Applications of Adsorption | Class XII

Adsorption finds extensive applications both in research laboratory and in industry. A few applications are briefly described below

(i) In preserving vacuum. In Dewar flasks, activated charcoal is placed between the walls of the flask so that any gas which enters into the annular space either due to glass imperfection or diffusion through glass is adsorbed.

(ii) In gas masks. All gas masks are devices containing suitable adsorbent so that the poisonous gase, present in the atmosphere are preferentially adsorbed and the air for breathing is purified.

(iii) In clarification of sugar. Sugar is decolorised by treating sugar solution with charcoal powder. latter adsorbs the undesirable colours present.

(iv) In chromatographic analysis. The selective adsorption of certain substances from a solution by , particular solid adsorbent has helped to develop a technique for the separation of the components of the mixture. This technique is called chromatographic analysis. For example, in column chromatography, a long and wide vertical tube is filled with a suitable adsorbent and the solution of the mixture poured from the top and then collected one by one from the bottom.

(v) In heterogeneous catalysis. The action of certain solids as catalysts is best explained in terms of adsorption. The theory is called adsorption theory. According to this theory, the gaseous reactants are adsorbed on the surface of the solid catalyst. As a result, the concentration of the reactants increase, on the surface and hence the rate of reaction increases, e.g., in the manufacture of ammonia using iron as catalyst, in the manufacture of sulphuric acid by contact process using V2O5 as catalyst and use of finely divided nickel in the hydrogenation of oils. The theory is also able to explain the greater efficiency of a catalyst in the finely divided state, the action of catalytic poisons etc.

(vi) In adsorption indicators. Various dyes, which owe their use to adsorption, have been introduced. indicators particularly in precipitation titrations. For example, KBr is easily titrated with AgNO3 using eosin as an indicator.

(vii) In softening of hard water. The use of ion exchangers for softening of hard water is based upon the principle of competing adsorption just as in chromatography.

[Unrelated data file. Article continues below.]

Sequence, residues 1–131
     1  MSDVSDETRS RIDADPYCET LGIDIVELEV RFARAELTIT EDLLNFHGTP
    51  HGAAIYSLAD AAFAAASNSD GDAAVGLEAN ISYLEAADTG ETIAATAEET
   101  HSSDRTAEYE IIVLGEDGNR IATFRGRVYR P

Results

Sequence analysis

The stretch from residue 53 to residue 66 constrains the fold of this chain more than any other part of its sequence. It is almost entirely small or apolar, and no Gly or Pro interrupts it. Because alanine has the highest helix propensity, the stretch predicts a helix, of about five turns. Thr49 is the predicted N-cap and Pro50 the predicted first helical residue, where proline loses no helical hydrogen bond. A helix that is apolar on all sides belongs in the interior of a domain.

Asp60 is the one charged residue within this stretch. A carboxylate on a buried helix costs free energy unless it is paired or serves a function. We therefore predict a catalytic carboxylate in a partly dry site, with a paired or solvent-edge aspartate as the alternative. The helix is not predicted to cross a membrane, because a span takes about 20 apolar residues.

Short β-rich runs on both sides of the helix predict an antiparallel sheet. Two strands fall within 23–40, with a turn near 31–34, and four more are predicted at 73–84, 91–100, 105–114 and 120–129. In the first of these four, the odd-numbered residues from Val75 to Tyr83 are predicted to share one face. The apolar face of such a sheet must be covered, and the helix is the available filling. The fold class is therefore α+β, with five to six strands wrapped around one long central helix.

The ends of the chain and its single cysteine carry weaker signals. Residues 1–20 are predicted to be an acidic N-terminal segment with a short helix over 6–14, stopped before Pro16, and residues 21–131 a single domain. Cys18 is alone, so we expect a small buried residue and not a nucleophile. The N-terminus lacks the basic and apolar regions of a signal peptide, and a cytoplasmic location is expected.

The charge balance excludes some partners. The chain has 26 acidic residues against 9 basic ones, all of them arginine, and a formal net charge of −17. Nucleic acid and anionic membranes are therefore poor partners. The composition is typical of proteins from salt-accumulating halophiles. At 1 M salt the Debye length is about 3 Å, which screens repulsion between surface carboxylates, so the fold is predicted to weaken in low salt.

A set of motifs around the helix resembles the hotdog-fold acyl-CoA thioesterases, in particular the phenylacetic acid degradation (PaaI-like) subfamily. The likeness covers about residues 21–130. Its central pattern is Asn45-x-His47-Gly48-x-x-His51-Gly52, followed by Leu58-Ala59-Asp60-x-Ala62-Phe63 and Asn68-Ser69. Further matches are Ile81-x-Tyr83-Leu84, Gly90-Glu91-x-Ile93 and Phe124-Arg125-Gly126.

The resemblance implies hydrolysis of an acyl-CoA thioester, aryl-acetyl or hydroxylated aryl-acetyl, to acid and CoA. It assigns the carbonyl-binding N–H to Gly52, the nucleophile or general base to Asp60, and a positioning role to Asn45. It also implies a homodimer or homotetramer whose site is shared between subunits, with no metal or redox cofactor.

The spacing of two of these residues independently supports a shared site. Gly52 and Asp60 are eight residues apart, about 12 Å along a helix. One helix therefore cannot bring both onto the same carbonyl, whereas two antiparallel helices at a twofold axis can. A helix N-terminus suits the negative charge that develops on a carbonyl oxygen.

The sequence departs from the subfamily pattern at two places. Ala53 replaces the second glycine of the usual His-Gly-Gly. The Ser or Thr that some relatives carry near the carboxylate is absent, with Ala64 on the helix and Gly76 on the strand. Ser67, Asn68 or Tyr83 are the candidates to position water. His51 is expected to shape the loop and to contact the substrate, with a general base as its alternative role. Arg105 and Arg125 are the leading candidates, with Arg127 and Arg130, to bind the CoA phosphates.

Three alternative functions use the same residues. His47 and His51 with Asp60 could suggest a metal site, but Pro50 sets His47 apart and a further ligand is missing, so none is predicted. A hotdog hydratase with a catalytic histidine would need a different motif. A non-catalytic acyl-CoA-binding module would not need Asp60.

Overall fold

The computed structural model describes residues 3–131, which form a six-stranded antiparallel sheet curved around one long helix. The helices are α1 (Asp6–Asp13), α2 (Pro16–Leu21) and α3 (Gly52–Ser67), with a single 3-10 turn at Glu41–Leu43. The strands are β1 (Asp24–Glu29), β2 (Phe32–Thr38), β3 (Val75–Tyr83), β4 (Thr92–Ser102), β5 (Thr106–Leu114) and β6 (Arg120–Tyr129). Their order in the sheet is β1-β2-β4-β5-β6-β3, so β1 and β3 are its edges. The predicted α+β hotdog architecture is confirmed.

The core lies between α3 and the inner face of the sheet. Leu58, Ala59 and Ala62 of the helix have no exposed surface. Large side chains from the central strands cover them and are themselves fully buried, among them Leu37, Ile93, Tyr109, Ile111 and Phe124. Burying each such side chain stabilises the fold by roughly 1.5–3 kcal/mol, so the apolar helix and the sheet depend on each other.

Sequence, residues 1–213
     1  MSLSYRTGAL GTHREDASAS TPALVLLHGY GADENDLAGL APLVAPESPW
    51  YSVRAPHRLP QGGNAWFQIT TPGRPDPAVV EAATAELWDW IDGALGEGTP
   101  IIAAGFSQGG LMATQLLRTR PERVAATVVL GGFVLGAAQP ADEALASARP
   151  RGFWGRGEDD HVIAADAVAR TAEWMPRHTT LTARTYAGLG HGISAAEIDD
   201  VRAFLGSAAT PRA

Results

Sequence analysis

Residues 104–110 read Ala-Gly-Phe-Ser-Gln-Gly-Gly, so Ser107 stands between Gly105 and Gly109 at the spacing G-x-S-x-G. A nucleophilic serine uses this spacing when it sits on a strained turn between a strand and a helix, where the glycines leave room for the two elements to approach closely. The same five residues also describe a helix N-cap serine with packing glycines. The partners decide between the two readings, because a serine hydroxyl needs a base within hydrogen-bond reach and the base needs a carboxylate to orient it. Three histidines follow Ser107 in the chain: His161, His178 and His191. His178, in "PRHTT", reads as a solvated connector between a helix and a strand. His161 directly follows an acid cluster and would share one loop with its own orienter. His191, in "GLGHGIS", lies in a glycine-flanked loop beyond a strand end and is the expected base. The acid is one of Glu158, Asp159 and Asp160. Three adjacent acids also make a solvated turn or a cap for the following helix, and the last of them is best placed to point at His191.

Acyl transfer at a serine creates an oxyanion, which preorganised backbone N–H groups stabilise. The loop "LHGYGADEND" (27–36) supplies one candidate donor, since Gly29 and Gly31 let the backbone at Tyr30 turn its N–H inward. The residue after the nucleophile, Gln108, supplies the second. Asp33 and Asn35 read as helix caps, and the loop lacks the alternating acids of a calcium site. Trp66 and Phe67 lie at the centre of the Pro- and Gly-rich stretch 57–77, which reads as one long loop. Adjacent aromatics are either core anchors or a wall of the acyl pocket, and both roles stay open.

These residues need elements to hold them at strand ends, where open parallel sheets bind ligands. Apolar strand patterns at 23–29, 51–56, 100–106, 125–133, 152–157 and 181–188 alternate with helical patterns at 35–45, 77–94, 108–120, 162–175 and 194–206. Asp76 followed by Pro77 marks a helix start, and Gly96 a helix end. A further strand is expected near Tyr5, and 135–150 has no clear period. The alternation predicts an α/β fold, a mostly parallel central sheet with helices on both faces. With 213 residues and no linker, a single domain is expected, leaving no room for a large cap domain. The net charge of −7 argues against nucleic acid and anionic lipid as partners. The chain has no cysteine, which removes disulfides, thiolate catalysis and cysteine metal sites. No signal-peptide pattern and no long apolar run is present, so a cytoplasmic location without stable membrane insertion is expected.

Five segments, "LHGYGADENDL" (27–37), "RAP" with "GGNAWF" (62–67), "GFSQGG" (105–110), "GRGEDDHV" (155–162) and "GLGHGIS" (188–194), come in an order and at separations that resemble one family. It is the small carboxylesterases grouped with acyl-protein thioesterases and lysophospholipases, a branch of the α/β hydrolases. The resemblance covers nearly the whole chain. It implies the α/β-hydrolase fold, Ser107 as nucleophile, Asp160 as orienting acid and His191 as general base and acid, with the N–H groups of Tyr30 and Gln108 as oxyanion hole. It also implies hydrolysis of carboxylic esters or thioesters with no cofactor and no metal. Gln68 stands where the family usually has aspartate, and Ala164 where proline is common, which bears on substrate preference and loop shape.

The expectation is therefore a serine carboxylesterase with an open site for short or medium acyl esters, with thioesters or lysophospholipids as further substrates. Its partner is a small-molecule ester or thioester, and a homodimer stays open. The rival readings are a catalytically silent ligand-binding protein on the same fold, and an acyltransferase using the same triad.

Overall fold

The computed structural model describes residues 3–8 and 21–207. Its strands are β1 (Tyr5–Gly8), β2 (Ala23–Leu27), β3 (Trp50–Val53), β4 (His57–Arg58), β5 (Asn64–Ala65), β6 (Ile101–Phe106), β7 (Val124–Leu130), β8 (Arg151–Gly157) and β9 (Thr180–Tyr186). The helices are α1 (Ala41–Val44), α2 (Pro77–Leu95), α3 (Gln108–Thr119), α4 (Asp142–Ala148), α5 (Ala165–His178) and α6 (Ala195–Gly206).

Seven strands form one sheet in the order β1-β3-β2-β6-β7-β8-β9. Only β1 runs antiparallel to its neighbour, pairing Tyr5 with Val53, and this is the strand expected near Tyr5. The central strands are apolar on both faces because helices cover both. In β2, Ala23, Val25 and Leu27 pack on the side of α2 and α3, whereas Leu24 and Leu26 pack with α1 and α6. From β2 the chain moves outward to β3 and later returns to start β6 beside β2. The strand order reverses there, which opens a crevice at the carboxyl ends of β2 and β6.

(viii) In removing moisture from air in the storage of delicate instruments. Such instruments which may be harmed by contact with the moist air, are kept out of contact with moisture using silica get. Silica gel is the most commonly used dehumidizer, i.e., to adsorb humidity or moisture from the air.

(ix) In the separation of inert gases. Different inert gases are adsorbed to different extents at different temperatures on coconut charcoal. This forms the basis of their separation from a mixture.

(x) In froth floatation process. When sulphide ore is shaken with pine oil and water, the ore particles are adsorbed on the froth that floats and the gangue particles (silica, earthy matter etc.) settle down in the tank. The method is known as froth floatation process for concentration of sulphide ores.

(xi) In paint industry. The paint should not contain dissolved gases as otherwise the paint does not adhere well to the surface to be painted and thus will have a poor covering power. The dissolved gases are, therefore, removed by suitable adsorbents during manufacture. Further, all surfaces are covered with layers of gaseous, liquid or solid films. These have to be removed before the paint is applied. This is done by suitable liquids which dissolve these films. Such liquids are called wetting agents. The use of spirit as wetting agent in furniture polishing is well known.

(xii) In dyeing. In dyeing, clothes are first kept dipped in a mordant (generally, alum) and then in the solution of the dye. The mordant is first adsorbed on the clothes and then the dye is adsorbed on the mordant. In other words, mordant adheres well both to fibre and the dye. If this is not done, uneven dying would take place.

(xiii) In water conservation. In countries like Australia where there is acute scarcity of water during summer, layer of stearic acid etc. is sprayed over the lakes and other water reservoirs. It is adsorbed on the surface of water thereby minimising the loss of water by evaporation.

(xiv) In curing diseases. Some drugs can adsorb the germs on them and hence kill them and save us from diseases.

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